Some of the most powerful hours of television are aired during the olympics. Not only do they cover the footage of the neck-to-neck competitions and the victory celebrations, but mostly, they focus on the back stories of the featured athletes and what they’ve overcome to be the best in the world. Their stories have power. They inspire, motivate and even challenge us. These background stories also help us emotionally connect, and I often find myself rooting for someone because I feel like I know them.
Marketing is about connecting with your audience. And in order to connect with your audience, stories must be told. Here’s an example of an iphone commercial that uses this story-telling strategy to engage with the audience emotionally. Rather than highlighting the features and functions of the iphone, they simply tell a holiday story from a misunderstood teen expressing his love for the family through technology that the iphone offers. Brilliant!
Google uses the same strategy and emphasizes the importance of family rather than the product itself by showing how a father connects all of google’s technology and tools for his child.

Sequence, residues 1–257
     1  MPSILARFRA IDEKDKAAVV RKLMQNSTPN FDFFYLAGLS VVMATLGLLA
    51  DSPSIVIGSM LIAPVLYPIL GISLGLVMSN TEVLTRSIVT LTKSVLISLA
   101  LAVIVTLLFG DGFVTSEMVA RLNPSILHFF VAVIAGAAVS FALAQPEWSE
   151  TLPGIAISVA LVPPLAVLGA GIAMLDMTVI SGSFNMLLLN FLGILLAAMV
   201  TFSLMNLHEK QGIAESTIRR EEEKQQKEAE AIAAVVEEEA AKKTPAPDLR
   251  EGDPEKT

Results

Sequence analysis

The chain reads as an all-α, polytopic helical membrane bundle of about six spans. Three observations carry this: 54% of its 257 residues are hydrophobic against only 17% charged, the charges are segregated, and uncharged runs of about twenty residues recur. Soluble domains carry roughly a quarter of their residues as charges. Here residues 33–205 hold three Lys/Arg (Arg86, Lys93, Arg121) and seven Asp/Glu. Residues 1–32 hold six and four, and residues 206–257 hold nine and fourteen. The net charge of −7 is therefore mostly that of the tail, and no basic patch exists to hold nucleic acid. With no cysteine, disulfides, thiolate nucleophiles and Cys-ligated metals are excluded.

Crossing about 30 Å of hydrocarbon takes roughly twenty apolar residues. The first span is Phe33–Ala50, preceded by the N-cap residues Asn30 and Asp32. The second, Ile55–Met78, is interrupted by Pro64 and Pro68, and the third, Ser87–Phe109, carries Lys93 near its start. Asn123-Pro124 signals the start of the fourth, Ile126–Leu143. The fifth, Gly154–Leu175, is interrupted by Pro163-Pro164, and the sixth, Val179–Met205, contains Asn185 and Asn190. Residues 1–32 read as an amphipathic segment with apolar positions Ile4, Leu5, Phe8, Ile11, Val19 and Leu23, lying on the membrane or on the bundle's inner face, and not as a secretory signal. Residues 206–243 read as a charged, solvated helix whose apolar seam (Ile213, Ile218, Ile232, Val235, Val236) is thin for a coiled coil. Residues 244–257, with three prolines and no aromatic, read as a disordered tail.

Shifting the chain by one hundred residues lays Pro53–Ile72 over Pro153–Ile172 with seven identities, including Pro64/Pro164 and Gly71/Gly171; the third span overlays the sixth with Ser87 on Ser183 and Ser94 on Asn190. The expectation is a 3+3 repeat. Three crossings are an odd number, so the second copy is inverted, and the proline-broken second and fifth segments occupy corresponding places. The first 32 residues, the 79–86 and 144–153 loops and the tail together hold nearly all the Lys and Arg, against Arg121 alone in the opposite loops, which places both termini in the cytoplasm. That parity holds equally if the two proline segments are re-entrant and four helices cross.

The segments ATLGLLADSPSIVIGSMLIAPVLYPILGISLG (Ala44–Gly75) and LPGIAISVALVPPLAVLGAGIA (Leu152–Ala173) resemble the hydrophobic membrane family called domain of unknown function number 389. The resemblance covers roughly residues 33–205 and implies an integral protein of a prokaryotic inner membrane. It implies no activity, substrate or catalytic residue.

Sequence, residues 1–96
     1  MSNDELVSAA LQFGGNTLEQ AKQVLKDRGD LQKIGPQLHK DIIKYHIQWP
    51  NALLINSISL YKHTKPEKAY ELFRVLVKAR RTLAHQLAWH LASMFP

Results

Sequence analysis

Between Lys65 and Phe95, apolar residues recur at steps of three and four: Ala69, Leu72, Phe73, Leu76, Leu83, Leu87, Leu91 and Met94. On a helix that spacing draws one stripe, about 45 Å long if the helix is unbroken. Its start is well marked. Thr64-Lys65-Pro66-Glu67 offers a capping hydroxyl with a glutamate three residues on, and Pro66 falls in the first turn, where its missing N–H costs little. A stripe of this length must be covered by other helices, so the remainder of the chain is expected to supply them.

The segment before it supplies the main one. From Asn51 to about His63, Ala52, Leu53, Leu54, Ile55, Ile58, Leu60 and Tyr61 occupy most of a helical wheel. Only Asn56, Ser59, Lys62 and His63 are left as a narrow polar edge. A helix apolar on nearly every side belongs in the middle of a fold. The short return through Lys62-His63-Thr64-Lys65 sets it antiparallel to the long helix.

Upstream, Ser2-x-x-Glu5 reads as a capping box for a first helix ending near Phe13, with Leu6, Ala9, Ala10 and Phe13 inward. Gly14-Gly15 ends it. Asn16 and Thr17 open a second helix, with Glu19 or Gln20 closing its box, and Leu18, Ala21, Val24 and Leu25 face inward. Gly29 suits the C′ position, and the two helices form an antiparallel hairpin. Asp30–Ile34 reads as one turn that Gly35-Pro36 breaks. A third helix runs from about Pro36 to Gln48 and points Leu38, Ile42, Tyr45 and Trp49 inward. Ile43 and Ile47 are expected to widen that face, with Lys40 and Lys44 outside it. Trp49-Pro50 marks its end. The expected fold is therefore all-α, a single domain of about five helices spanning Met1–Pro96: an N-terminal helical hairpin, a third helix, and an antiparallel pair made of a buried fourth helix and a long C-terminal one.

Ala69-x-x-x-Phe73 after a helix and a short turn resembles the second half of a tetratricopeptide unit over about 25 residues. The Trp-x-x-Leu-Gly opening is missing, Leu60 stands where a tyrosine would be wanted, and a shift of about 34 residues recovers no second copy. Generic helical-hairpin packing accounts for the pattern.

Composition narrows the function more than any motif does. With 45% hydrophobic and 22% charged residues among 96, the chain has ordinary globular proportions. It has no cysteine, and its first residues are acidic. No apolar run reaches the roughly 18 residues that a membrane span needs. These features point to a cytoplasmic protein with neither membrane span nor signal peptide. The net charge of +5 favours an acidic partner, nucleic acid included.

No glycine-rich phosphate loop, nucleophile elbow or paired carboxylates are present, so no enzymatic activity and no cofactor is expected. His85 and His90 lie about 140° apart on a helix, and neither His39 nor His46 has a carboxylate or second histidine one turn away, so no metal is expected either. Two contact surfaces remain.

So, what does that mean for us? We don’t have an advertising budget like Apple or Google to create engaging and beautiful videos which emotionally connect the audience to a brand. But what we do have are the stories to cultivate client loyalty and to continue to attract new clients into our business. Craft your stories and share them on your company blog, post them on social media, email blast them through your newsletter or tell them during your seminars, other marketing functions, and/or sales meetings. Also, keep in mind the following 3 types of stories that you can share to effectively gain trust and loyalty.
Your customers’ stories: Just like your own story, your client also has a story. Ask permission to share the story of how your product or service helped them overcome their challenges. These stories will attract other companies facing similar challenges, and they will more likely work with you.
Educational stories: Use stories to educate and explain concepts and strategies to your clients. Use your own personal examples or analogies. It’s what people will remember and resinate with.
Your own personal story: Tell your own personal story. Share how your company was birthed and what brought you into the industry. Share your failures and your pivotal moments of success. Be authentic and even vulnerable to really get the people to know you. They will learn to trust you as you share your experiences, failures, and life lessons along the way.